Apple has provided some pre-configured applications controls based on age groups. For most people these pre-configured controls will do just fine. However, a parent can customize these based on a child maturity level. Click the arrow to show the list of applications and select the ones you want to give your child access to. Your child will be limited to running only those applications that you have explicitly selected.

Screenshot 2014-12-30 14.39.26

Web

Parents can select from one of three choices in the Web tab. You can allow unrestricted access to website for older or more mature kids and apply a web filter to keep kids safe from adult web sites. For younger kids, parents can limit access to a specific set of web sites. With that option, children will not be able to visit any web site not explicitly allowed in that list.

Screenshot 2014-12-30 14.39.34

People

With this tab, a parent can limit a child’s contact via email. By adding an email address to this list, OS X will only allow email exchanges between that address and your child email tool. NOTE: This only works with Apple’s Mail application so it might be a good idea to prevent access (via the Apps tab) to any other email application and block access to web-based mail.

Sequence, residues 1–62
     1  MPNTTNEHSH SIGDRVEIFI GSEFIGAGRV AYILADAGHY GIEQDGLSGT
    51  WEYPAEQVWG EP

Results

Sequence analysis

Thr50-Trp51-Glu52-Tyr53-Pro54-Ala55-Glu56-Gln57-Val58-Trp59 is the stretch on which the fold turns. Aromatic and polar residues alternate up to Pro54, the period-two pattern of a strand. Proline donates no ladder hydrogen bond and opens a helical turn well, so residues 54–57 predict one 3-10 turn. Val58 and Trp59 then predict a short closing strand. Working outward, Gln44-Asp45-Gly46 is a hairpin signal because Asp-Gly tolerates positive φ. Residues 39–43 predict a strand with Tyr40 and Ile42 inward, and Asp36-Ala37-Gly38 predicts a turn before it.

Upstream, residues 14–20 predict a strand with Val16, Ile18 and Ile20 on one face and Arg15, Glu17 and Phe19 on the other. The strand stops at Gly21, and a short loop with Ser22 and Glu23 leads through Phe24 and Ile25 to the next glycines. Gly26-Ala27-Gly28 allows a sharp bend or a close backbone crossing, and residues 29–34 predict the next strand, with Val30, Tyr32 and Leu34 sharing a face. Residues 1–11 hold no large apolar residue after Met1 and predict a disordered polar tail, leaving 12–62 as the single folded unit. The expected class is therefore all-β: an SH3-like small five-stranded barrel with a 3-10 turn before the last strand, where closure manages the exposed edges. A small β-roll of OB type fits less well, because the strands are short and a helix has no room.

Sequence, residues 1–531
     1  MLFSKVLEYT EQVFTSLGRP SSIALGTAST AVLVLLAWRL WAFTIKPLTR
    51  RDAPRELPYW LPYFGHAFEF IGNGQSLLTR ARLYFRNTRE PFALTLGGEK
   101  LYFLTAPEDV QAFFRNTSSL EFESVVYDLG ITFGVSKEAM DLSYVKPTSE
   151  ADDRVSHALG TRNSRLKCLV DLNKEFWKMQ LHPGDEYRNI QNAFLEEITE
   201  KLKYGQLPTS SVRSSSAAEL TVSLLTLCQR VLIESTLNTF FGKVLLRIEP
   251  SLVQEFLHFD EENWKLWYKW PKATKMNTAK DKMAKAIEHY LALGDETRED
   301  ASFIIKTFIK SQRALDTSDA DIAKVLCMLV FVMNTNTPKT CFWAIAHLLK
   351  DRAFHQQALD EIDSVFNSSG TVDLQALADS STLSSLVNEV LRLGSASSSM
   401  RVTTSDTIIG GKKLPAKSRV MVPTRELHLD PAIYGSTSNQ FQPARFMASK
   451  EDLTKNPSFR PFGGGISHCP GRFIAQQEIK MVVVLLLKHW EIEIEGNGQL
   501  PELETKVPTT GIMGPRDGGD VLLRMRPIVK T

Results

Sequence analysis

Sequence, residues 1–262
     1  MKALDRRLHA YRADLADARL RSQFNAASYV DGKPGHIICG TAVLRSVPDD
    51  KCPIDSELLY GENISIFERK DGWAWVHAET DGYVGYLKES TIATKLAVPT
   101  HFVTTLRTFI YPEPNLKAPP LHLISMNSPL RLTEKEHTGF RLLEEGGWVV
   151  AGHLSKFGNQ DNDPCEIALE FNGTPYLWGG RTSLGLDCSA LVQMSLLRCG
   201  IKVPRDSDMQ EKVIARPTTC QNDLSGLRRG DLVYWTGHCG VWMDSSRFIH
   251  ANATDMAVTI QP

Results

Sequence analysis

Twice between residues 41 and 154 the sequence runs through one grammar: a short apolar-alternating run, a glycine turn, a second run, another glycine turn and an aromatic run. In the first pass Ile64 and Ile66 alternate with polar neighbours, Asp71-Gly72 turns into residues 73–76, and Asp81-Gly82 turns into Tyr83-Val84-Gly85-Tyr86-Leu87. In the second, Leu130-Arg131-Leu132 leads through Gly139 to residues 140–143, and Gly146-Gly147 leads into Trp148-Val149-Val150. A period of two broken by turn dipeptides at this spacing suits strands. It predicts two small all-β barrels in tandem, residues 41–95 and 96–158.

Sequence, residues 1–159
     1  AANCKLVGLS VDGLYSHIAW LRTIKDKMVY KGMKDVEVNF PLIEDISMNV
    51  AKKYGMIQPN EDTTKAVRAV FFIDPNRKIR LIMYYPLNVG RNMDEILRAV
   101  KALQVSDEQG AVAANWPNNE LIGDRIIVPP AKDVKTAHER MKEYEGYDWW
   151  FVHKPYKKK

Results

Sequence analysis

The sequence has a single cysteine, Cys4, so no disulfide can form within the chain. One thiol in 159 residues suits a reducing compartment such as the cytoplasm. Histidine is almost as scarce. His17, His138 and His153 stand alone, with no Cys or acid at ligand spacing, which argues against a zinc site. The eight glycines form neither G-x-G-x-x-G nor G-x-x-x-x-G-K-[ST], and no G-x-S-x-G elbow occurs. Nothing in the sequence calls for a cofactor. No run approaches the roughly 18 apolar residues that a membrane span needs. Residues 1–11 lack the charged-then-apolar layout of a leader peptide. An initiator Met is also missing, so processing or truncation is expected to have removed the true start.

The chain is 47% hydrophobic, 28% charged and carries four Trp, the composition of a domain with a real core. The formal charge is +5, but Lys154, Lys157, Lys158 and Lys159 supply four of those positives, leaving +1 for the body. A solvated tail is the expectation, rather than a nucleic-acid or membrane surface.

Screenshot 2014-12-30 14.40.31

Parents also have the option of receiving an email alert when their child receives or sends email to an unapproved email address.

Screenshot 2014-12-30 14.40.57

Time Limits

This is perhaps the most important setting in the Parental Controls preferences. We all know our kids spend too much time online or on the computer. We also know that the older kids needs access to the computer and to the web to complete homework assignments. So as Parents we need to balance homework computer time against hanging out online computer time. This is where you set that up. Spend some time to think about what’s right for your family.

Screenshot 2014-12-30 14.41.11

Other

This one is self-explanatory. Some kids can’t be responsible with a webcam, especially teenage kids with a laptop. I don’t let my kids change their computer password. I want to be able to see what they are up to. Logs can help with that.

Screenshot 2014-12-30 14.41.27

Logs

I want to be able to see what they are up to. Logs can help with that. OS X will keep a log of every web site your kids successfully visited as well as which ones you blocked but they attempted to visit. You’ll know if your young teenage boy has hit puberty by his sudden interest in porn sites. You’ll know if your child was using study time to hangout on Facebook or Twitter. Time, date and web site address are recorded in the log.

Screenshot 2014-12-30 14.41.40

Conclusion

In my house computers and the Internet are a privilege, not a right. I teach my kids safe computer and Internet habits but a Managed Account with Parental Controls provides me with a level of comfort that my rules are being followed.